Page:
In my colleague’s review of the book, Dialogical Apologetics, in this blog, Gary Ridley noted that dialogue with adherents of other religions has often been seen as mutually incompatible with evangelism. Dialogue has been used to describe inter-religious discussions in which evangelism is not seen as necessary or even a desirable goal. The book Gary reviewed points to another way of viewing that dialogue.
I would like to extend that conversation to focus particularly on dialogue with adherents of the Islamic faith. Unknown to most of us, including myself until recently, Christians have a very long history of these interactions, extending back for many centuries.
Dr. Alan Guenther (my brother) has studied the history of Christian-Muslim relations for more than two decades. He currently is helping to produce a multi-volume bibliographical history of Christian-Muslim relations, a massive project to say the least. Thus far 11 volumes have already been published, starting with the period 600-900 AD. The most recent volume is still only dealing with the 17th century!
Why did Christians seek to dialogue with Muslims? Sometimes they were motivated by a desire to evangelize. But more often these discussions were motivated by a desire to defend Christianity and attack Islam (often to prevent Christians from converting to Islam).
What can we learn from this long history of interactions of Christians with their Muslim neighbours? Well, one would be justified in observing that neither side seems to remember what has already been discussed. Often participants in the dialogue were totally unaware that theological disagreements on a particular topic already had been debated time and again by adherents of both faiths for over a 1000 years. Not only are the same debates repeated in each generation, but we also find the same accusations and the same counterarguments being made over and over again.
Initially, this long history of dialogue does not encourage us in our attempts to dialogue with Muslims that we know. It seems fairly pointless. But given that there are still 3000 unreached people groups whose primary religion is Islam, the Great Commission does not give us the freedom to give up seeking to help Muslims understand the Gospel. As Paul said, “For Christ’s love compels us …” (2 Cor 5:14).
That reminds us that our dialogue with Muslims must be marked by love. Paul reminds us that kindness and gentleness, not a quarrelsome spirit is to characterize our interactions with opponents.
And the Lord’s servant must not be quarrelsome but must be kind to everyone, able to teach, not resentful. Opponents must be gently instructed, in the hope that God will grant them repentance leading them to a knowledge of the truth, and that they will come to their senses and escape from the trap of the devil, who has taken them captive to do his will.
2 Tim 2:24-26
In conversations with my brother, and in articles that he has written, he has emphasized that in dialogue with Muslims, we need to be careful not to impose our understanding of what we think they believe and practice, but allow them to define themselves. Alan Guenther writes:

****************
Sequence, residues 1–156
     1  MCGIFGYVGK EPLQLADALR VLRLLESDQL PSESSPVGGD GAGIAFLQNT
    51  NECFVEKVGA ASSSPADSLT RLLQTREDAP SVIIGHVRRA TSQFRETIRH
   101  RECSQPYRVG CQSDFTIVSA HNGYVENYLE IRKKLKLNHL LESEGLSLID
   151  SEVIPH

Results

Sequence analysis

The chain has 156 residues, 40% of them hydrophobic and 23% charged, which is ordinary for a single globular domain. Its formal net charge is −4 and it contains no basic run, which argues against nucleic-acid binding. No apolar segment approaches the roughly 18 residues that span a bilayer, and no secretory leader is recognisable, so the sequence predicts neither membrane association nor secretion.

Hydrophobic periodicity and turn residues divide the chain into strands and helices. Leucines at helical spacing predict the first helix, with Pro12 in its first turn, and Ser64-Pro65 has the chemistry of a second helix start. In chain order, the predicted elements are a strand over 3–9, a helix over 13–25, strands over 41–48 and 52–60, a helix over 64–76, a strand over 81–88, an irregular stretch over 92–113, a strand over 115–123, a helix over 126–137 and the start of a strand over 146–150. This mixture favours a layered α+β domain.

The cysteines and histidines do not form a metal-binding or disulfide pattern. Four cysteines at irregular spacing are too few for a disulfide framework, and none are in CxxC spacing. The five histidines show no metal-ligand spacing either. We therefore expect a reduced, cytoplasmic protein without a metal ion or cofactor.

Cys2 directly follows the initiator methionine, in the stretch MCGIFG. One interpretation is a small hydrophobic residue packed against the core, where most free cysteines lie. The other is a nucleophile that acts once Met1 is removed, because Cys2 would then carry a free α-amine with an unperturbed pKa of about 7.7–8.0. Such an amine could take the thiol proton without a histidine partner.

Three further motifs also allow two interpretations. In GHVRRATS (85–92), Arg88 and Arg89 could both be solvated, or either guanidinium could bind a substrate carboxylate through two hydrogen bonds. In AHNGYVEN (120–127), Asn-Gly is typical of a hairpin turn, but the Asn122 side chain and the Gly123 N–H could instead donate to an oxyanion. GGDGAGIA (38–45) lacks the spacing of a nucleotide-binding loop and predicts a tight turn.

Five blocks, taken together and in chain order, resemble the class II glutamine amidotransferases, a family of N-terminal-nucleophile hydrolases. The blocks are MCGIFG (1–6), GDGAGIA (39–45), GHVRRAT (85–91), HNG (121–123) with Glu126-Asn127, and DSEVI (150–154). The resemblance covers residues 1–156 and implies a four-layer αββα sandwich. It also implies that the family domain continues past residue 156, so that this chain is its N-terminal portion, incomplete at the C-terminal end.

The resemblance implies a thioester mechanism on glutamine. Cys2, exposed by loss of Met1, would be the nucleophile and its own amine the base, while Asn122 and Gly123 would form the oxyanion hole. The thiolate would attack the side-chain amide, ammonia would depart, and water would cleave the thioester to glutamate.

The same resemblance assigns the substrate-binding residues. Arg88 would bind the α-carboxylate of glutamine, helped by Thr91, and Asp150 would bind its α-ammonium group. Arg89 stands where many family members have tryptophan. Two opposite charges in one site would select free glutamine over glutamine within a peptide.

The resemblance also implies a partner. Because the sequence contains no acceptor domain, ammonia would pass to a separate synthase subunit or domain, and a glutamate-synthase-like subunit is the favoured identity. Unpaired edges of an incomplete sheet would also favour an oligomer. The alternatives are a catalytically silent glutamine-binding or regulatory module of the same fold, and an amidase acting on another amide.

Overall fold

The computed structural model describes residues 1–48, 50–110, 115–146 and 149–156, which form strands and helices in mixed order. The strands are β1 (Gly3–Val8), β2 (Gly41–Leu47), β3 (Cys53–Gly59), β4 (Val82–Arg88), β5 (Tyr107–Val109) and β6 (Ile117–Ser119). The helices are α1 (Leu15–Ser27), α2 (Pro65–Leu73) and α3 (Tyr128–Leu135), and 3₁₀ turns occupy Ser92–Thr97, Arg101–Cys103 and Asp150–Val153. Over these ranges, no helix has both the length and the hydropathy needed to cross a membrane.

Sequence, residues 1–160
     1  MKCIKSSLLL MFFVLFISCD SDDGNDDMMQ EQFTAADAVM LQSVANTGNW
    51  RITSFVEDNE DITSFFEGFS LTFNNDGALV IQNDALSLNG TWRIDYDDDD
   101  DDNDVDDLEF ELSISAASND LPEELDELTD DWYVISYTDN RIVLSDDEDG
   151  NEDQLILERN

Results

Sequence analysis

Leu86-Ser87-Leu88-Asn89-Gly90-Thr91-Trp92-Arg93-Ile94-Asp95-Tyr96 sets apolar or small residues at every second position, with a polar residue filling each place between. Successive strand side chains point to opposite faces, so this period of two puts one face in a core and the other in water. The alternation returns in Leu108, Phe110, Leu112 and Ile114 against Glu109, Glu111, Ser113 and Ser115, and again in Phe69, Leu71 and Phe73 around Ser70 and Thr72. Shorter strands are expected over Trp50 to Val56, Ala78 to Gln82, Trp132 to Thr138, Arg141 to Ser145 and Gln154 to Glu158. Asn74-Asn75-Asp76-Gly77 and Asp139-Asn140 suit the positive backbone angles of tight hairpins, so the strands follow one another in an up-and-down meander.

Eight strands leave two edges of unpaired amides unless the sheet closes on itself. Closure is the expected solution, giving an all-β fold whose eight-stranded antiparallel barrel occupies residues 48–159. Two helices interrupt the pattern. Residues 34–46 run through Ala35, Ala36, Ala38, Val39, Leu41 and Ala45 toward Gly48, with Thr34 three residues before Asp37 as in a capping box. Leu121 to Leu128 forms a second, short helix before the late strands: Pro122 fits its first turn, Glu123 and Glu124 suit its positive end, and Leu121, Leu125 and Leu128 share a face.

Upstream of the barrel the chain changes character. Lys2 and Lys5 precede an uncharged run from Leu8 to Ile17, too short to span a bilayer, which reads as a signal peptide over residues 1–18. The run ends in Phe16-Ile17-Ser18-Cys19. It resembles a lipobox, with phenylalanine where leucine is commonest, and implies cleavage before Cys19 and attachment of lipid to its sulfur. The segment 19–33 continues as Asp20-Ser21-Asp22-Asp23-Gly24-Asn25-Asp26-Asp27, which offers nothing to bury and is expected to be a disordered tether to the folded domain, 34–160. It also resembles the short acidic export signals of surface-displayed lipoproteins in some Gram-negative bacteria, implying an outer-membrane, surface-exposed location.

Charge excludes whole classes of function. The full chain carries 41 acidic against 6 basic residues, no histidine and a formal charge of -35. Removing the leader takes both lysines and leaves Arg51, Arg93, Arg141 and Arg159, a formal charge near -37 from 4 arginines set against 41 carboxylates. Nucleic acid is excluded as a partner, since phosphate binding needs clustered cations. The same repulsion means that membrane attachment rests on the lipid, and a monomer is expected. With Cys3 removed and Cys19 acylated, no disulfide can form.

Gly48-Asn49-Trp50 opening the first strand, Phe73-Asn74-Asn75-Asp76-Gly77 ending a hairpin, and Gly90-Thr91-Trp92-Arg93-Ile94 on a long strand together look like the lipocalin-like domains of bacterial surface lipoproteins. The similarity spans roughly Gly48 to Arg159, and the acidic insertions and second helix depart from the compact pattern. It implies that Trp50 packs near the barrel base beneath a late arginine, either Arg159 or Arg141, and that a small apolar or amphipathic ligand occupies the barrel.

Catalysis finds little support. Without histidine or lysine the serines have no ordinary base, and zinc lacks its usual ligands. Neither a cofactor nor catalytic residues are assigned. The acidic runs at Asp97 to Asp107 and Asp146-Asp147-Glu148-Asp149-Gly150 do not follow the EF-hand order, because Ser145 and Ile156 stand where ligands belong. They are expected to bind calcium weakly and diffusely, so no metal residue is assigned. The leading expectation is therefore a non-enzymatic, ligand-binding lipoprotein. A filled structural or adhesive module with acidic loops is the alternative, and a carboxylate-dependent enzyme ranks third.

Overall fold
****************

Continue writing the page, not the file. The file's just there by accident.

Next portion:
we need to let Muslims define their beliefs and practices in their own terms, rather than imposing our own interpretations or preconceptions. We should let them express what they understand their relationship to God is like without trying to make them fit our categories. We should let them interpret their Qur’an and not use our evangelical hermeneutical tools.
(We).. likewise want Muslims to let us define ourselves as evangelicals, define our beliefs and practices, and interpret our scriptures. This does not mean that we never write about the other or try to explain Islam, but when we do so Muslims should be able to respond, “Yes, that is what I believe and practice.”
(email to me on March 31, 2017)
So does being kind, gentle and understanding prevent us from asking hard questions, even about what we see as inconsistencies in the faith of our Muslim friends? No, we can ask questions, but we must not forget to listen to their answers, and listen without immediately thinking of what our next argument might be. We need to accept their explanations of their faith, without ridiculing them.
Rather than seeking to demolish the faith of the other, let’s point our Muslim friends to the Scriptures and let them study and read it for themselves. Help them understand the whole story of the Bible and the internal consistency of the biblical revelation rather than attacking a particular aspect of Islam. Much more could be said here about the Discovery Bible Study method that many of our teams are using, but that will need to wait for future blog posts.
Hendrik Kraemer, a Dutch missionary to Indonesia 100 years ago wrote about the challenge of communicating the Gospel to Muslims in his 1938 work, “The Christian Message in a non-Christian world”. He held strongly to the belief that there is no salvation in non-Christian religions. He rejected an approach that would seek to establish dialogue based on similarities between Christianity and Islam. But nevertheless, he argued:
…the best method undoubtedly is direct personal contact and study of the Bible in a spirit of human sympathy and openness, the Moslem being treated not as a non-Christian, but as a fellow-man with the same fundamental needs, aspirations and frustrations, whose religious experience and insights are as worth while as the
missionary’s, simply because he is a living human being.
Hendrik Kraemer, The Christian Message in a Non-Christian World (London: The
Edinburgh House Press, 1938), 355.
In the process of dialogue, how we listen and demonstrate our love and respect for our Muslim friends is an integral part of our message.